Predominance of Ech Wave Contribution to the Diffuse Auroral Precipitation in Earth’s Outer Magnetosphere
Thursday, 18 December 2014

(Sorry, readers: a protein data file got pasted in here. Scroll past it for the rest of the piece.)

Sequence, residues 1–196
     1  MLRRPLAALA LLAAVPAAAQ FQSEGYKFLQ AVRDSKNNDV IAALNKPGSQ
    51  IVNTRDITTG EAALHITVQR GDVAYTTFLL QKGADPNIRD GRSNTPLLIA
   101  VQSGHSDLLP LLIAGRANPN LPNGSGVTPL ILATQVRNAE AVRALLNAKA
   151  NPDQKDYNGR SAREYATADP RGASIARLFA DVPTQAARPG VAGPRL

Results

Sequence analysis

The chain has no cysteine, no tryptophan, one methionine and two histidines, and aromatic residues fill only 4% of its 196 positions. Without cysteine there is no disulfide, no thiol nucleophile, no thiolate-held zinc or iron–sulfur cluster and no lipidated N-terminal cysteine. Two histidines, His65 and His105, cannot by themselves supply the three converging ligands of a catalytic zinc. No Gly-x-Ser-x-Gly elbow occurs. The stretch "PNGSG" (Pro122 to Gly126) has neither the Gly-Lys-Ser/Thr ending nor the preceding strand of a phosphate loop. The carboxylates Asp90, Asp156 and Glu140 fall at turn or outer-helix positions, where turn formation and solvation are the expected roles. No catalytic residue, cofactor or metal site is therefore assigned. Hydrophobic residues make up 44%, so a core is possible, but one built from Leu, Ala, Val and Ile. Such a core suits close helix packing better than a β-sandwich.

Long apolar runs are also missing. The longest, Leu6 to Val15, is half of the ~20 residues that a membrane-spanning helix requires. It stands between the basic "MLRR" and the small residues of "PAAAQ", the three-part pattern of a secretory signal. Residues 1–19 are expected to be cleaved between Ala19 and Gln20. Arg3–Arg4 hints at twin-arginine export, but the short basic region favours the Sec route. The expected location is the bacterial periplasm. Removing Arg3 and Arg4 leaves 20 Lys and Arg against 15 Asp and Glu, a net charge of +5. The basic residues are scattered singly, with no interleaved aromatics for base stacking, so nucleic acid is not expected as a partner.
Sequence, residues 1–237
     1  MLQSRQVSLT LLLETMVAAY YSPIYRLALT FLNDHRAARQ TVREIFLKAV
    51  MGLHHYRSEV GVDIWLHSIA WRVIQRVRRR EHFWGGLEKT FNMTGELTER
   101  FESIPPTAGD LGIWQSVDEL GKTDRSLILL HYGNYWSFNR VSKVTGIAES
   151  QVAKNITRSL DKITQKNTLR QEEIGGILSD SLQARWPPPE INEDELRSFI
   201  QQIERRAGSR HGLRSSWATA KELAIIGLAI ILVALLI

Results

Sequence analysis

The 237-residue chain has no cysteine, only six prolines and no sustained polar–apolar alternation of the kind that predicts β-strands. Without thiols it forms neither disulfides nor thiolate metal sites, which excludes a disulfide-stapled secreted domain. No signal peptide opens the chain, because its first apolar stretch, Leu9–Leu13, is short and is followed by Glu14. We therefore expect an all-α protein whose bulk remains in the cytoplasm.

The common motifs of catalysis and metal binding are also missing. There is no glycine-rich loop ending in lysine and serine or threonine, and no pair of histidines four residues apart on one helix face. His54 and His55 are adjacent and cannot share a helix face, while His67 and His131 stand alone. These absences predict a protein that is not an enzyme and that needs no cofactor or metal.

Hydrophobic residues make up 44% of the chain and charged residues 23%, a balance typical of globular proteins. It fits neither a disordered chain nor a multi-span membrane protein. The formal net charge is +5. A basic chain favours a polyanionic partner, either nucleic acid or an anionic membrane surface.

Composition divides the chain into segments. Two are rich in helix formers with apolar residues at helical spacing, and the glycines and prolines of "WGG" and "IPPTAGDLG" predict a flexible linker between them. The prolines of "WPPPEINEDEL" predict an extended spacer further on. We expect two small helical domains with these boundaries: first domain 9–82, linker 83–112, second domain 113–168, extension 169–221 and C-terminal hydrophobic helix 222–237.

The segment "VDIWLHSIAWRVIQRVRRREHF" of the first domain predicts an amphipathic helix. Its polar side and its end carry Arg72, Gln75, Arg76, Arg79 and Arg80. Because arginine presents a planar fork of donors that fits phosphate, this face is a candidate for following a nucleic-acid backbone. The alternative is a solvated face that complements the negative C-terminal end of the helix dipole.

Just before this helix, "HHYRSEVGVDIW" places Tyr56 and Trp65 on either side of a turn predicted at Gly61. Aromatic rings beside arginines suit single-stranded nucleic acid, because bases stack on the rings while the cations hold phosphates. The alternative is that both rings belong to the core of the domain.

Due to its importance for global energy dissipation in the ionosphere, the diffuse aurora has been intensively studied in the past 40 years. Its origin (precipitation of 0.5-10 keV electrons from the plasma sheet without potential acceleration) has been generally attributed to whistler-mode chorus wave scattering in the inner magnetosphere (R<~8 RE), while the scattering mechanism beyond that distance remains unresolved. By modeling the quasi-linear diffusion of electrons with realistic parameters for the ambient magnetic field, loss-cone size and electrostatic electron cyclotron harmonic (ECH) wave intensity (obtained from THEMIS observations as a function of magnetospheric location), we estimate the loss-cone filling ratio and ECH wave-induced electron precipitation systematically throughout the entire data set, from 6 RE out to 31 RE (the THEMIS apogee). By comparing the wave-induced precipitation directly with the equatorially mapped energy flux distribution of diffuse aurora from ionospheric observations (OVATION Prime model) at low altitudes, we quantify the contribution of auroral energy flux from ECH wave scattering. Although the wave amplitudes drop, as expected, with distance from the Earth, due to the small loss cone size and stretched magnetic field topology, ECH waves are still capable of causing sufficient scattering of plasma sheet electrons to account for the observed diffuse auroral dissipation. Our results demonstrate that ECH waves are the dominant driver of diffuse aurora in the outer magnetosphere (beyond ~8 RE).